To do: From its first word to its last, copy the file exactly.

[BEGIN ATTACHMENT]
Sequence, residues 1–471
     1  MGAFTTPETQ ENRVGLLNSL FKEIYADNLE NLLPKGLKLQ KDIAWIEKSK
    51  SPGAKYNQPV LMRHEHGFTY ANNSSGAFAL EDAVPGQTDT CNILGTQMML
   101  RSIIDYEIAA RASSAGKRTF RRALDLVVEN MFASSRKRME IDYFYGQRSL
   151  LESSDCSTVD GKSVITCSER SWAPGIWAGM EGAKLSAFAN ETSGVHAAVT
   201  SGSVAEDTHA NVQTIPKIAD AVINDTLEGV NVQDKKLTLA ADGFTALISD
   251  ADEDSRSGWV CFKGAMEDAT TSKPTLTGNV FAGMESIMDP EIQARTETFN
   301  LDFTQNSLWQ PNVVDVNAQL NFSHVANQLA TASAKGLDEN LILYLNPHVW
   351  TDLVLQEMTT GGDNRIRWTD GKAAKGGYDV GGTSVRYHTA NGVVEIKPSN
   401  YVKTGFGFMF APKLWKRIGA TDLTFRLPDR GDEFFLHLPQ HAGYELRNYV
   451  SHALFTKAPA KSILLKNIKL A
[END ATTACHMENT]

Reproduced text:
Sequence, residues 1–471
     1  MGAFTTPETQ ENRVGLLNSL FKEIYADNLE NLLPKGLKLQ KDIAWIEKSK
    51  SPGAKYNQPV LMRHEHGFTY ANNSSGAFAL EDAVPGQTDT CNILGTQMML
   101  RSIIDYEIAA RASSAGKRTF RRALDLVVEN MFASSRKRME IDYFYGQRSL
   151  LESSDCSTVD GKSVITCSER SWAPGIWAGM EGAKLSAFAN ETSGVHAAVT
   201  SGSVAEDTHA NVQTIPKIAD AVINDTLEGV NVQDKKLTLA ADGFTALISD
   251  ADEDSRSGWV CFKGAMEDAT TSKPTLTGNV FAGMESIMDP EIQARTETFN
   301  LDFTQNSLWQ PNVVDVNAQL NFSHVANQLA TASAKGLDEN LILYLNPHVW
   351  TDLVLQEMTT GGDNRIRWTD GKAAKGGYDV GGTSVRYHTA NGVVEIKPSN
   401  YVKTGFGFMF APKLWKRIGA TDLTFRLPDR GDEFFLHLPQ HAGYELRNYV
   451  SHALFTKAPA KSILLKNIKL A